By Susan Froyd
By Byron Graham
By Robin Edwards
By Bree Davies
By Josiah M. Hesse
By Bree Davies
By Susan Froyd
By Kate Gibbons
Collective Nouns and E. C. Cunningham. Metropolitan State College has a special place in Denver's art world. Not only does it have the biggest set of visual-arts departments in the state, but it includes a mini-museum, the Center for Visual Art. These two factors only rarely come together, but they do in Collective Nouns, a group show featuring members of the art faculty from the college. Organized by center director Jennifer Garner and assistant director Cecily Cullen, the exhibit was self-curated with a request for submissions from artists who teach at Metro. As revealed by the show, conceptualism reigns at Metro, with installations, photos and paintings done in that style throughout. A bonus show-within-a-show, E. C. Cunningham: From Wichita to Nighthawk, highlights the career of this longtime printmaking professor, who died last year. Through February 19 at the Metro State Center for Visual Art, 969 Santa Fe Drive, 303-294-5207, www.metrostatecva.org. Reviewed January 27.
Joan Moment and Monroe Hodder. Though Joan Moment has spent the past four decades in California, she began her art career right here in Colorado in the late '60s when she was a graduate student at the University of Colorado in Boulder. That makes it easy to associate her work with that of George Woodman, a highly influential teacher at the time, and with Clark Richert, a fellow student then. Like them, Moment is interested in doing programmatic work that relates to patterning, meaning her work is abstract but also has conceptual content. Moment's solo has been paired with Monroe Hodder's, another neo-modernist, but where the former uses circles as her principal aesthetic device, the latter uses stripes. The two different bodies of work come together brilliantly. Hodder lives in Colorado, but she also has a studio in London. In addition to the Moment and Hodder shows, the gallery is presenting offerings by Carrie Lederer, a postmodern painter, and Jeff Aeling, a neo-traditionalist who lives in Missouri but paints Colorado's celebrity landscape. Through February 19 at William Havu Gallery, 1040 Cherokee Street, 303-893-2360, www.williamhavugallery.com. Reviewed January 13.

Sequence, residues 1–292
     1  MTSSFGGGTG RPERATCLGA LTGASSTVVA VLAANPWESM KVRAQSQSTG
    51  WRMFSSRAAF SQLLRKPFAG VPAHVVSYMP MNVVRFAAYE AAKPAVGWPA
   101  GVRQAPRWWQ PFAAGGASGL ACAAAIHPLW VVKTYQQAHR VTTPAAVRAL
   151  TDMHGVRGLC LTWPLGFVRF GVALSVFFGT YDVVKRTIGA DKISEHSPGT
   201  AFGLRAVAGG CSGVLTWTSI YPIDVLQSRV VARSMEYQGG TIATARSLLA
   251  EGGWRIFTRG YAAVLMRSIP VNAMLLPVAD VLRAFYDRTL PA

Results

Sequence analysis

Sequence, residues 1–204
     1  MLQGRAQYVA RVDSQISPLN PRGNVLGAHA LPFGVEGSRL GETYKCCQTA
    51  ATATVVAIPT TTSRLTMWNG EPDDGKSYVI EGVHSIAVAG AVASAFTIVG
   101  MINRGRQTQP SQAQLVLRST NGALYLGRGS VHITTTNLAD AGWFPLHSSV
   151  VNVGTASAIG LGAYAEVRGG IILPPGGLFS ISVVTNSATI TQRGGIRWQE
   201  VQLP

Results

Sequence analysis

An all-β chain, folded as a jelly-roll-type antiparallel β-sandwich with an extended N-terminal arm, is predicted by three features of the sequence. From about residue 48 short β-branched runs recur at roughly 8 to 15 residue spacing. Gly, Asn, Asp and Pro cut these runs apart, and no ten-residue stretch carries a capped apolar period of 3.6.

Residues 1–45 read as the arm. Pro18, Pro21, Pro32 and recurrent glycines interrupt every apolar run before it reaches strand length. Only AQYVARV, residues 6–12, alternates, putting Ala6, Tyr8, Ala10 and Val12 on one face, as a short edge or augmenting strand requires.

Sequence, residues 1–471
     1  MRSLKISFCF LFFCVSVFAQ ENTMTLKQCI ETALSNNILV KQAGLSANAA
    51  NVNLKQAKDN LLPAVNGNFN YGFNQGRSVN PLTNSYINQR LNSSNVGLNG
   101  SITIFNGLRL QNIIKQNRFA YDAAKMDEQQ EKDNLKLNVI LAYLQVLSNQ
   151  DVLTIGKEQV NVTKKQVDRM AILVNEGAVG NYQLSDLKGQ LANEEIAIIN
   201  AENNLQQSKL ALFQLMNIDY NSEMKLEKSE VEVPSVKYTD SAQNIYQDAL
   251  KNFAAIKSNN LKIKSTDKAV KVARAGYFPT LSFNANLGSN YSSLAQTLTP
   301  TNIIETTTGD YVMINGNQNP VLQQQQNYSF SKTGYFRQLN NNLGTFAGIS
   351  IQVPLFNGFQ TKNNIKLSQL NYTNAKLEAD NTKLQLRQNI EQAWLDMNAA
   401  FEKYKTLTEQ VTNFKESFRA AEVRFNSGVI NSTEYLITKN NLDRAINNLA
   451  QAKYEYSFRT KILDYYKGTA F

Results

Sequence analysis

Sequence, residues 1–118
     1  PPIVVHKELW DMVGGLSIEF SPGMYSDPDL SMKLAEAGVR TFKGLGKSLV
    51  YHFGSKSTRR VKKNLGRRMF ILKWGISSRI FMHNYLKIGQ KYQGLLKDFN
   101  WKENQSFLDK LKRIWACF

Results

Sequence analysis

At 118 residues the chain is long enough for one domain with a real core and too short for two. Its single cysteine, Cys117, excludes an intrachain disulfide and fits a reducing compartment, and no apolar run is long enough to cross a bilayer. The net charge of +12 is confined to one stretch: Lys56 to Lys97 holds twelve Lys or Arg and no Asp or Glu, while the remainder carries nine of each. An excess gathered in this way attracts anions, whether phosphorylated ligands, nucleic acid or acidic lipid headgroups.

Marc Brandenburg. The latest German artist to be introduced to local audiences by Denver Art Museum director Christoph Heinrich is Marc Brandenburg, a Berlin native. The artist is the subject of a handsome solo, Marc Brandenburg: Deutch-Amerikanishe Freundschaft,installed on level three of the Hamilton Building. Brandenburg came up with the German punk scene of the '80s, and the show's title, which means "German-American Friendship," is also the name of a rock band. His style is hyper-realist with a twist: Working in graphite on paper and using photos as studies, Brandenburg reverses the blacks and whites. Among the range of subjects are people out and about, on the streets or in parks. Technically, Brandenburg is as good as it gets; his drawings are breathtakingly precise. His punk heritage is hardly on view, but his continuing interest in being outrageous is well demonstrated by the floor drawing "Vomit," in which the artist has photographed vomit on the sidewalk and then done copies in graphite. Through February 20 at the Denver Art Museum, 100 West 14th Avenue Parkway, 720-865-5000, www.denverartmuseum.org. Reviewed December 16.
Marc Willhite. Marc Willhite: Soft Descriptions is filled with installations, most of them text-based and including words. An emerging Denver artist, Willhite doesn't explicitly explain what he means when he uses specific words in specific pieces, but he does want the viewer to examine them and to visualize them. The exhibit's title thus becomes an explanation of sorts, with Willhite employing words with ambiguous or multiple meanings, or at least having enigmatic content. The image on the invitation is a photo of a rabbit with the sun shinning through its ears. This photo is not included in the exhibit, but an installation with thousands of clear plastic push pins spelling out the phrase "Sunlight Passing Through a Rabbit's Ear" is. Interestingly, the push pins catch the light in the same way the rabbit's ear does. The most unusual piece here is a portrait of Susan Sontag that was not made by Willhite but rather was commissioned by him. It was painted by Monique Crine and is based on a photo on the back cover of Sontag's Against Interpretation, the title of which resonates with the show. Through February 19 at Ironton Studios and Gallery, 3636 Chestnut Place, www.irontonstudios.com. Reviewed February 3.
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